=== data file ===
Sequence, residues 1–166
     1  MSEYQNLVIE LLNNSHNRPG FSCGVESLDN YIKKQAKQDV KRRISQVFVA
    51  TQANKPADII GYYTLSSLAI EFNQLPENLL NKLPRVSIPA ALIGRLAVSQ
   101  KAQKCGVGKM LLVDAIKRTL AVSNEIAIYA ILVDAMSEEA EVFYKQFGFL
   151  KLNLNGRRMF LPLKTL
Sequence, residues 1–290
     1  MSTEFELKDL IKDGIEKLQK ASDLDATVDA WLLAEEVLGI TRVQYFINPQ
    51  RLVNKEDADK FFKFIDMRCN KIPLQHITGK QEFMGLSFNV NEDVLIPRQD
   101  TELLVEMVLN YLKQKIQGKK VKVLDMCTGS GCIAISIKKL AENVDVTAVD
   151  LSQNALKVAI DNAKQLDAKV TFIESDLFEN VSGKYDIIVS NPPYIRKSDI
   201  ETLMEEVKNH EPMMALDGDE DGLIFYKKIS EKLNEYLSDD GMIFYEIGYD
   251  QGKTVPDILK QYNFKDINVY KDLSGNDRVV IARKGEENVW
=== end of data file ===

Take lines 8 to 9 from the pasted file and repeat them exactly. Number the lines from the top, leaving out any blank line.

    51  RLVNKEDADK FFKFIDMRCN KIPLQHITGK QEFMGLSFNV NEDVLIPRQD
   101  TELLVEMVLN YLKQKIQGKK VKVLDMCTGS GCIAISIKKL AENVDVTAVD